|AN INTERNATIONAL PROFESSIONAL BODY FOR THEMEING, RESORT HOSPITALITY AND COASTAL SPACE PLANNING|
and Coastal Architects Beach and Waterscapes
The coastal zone is the narrow band of land/sea interface that people around the world use for work, play and residence. With many competing entities vying for space in this dynamic ecosystem, designers must carefully consider the costs and benefits of destination development on the coast.
Good design for a potential coastal destination will respond to the unique coastal environment and the people that live and work there. The natural processes that form coasts and continue to change them create conditions that are both beautiful and dangerous to people. The healthy coastline can be harmed by human interventions that ignore the fragility of the zone, and our dependence on it.
The value of design in coastal destinations is the assurance that the very qualities desirable to travelers are enhanced, not degraded. Furthermore, the residents are given recognition as a group of people who value their home, but have made a decision to share their part of the world with others. In providing opportunities for visitors to come to the coast, host communities proactively plan for the unique needs that exist in their region.
The value of quality beach resources can be a coastal community's highest priority. The cleanliness, size, safety and typical weather of a sandy beach will determine its appeal, and thus its value. Destinations with beach resources are making efforts to protect and enhance their value. The role of design professionals is critical in assuring that strategies to enhance beaches are effective in retaining the character of each unique destination.
Responsible public access to the coast is imperative to retaining meaningful land/water interface. By allowing people to interact with the coastal zone, both on land and in the water, the health and vitality of the resource can be appreciated and monitored. Designers can never shrink from the challenge to bring people into environments without destroying their beauty and value.
The potential opportunities for recreation in the coastal zone must be recognized as powerful engines of both positive and negative outcomes for coastline health. When designers consider the primary, secondary and long-term consequences of development to facilitate recreation activities, several key issues will arise. Location of access points, movement of people and their vehicles waste management, are three areas of concern that need design expertise. Open space and built facilities should be designed to retain the character of the coast and provide value and safety for the users, both visitors and residents.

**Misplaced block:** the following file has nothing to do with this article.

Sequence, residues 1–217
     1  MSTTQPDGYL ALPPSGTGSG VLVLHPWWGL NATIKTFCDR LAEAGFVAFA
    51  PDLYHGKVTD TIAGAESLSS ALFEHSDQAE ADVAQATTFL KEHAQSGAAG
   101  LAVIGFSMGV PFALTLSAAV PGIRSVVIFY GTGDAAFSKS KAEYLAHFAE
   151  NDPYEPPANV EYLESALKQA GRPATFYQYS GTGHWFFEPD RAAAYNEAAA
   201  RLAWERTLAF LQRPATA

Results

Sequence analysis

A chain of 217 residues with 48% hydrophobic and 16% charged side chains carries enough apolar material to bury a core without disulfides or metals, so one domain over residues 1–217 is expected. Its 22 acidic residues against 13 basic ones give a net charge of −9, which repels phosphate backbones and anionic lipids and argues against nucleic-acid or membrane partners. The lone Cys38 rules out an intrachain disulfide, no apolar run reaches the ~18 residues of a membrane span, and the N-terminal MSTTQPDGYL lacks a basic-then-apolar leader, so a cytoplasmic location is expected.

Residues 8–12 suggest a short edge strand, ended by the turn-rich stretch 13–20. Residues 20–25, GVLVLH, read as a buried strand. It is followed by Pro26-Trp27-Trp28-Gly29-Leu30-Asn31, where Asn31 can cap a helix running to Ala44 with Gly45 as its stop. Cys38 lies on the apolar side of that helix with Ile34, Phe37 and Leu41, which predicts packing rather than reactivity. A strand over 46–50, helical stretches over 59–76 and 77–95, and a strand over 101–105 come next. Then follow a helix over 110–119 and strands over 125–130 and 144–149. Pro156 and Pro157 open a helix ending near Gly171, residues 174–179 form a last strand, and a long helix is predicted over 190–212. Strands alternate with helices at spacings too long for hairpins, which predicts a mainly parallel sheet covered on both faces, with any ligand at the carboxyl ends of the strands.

Coastal zones exhibit a wide range of potential problems and opportunities, and each community will work through issues unique to their circumstances. Designers realize there are no "cookie-cutter" solutions for the development of effective destinations. With an involved community of participants and expert consultants, a customized design solution, or master plan will emerge.
Any time coastal zones are developed for human habitation, commerce and leisure, there should be an acceptance of the dynamic nature of this zone. Tidal fluctuation, storm incidents, natural wave and erosion processes, dune movement and global warming consequences should all be taken into account as part of the unique constraints and opportunities for coasts. Designers are responsible for public safety and health; therefore, facilities must address concerns from structural soundness to life saving provisions. Linkage of destination amenities to inland resources through transportation corridors is vital along coasts. Access to food, water and other critical necessities of human survival must be assured to those who live, work and visit in coastal destinations.
Existing features and uses of areas should be recognized for their cultural and aesthetic value. Historic landmarks, sensitive habitats and traditional coastal facilities should receive priority in design decisions. The retention of a community's place-making icons is critical to its effectiveness as a destination. Visitors find value in the distinctiveness of coastal destinations, even though the magnetism of certain elements may be evident in many coastal opportunities. As each host community works through the potentials of their destination, residents should carefully place priority on the aspects of their home region that they value. Physical attributes as well as "intangibles" should be weighed for value in the decision process of destination design.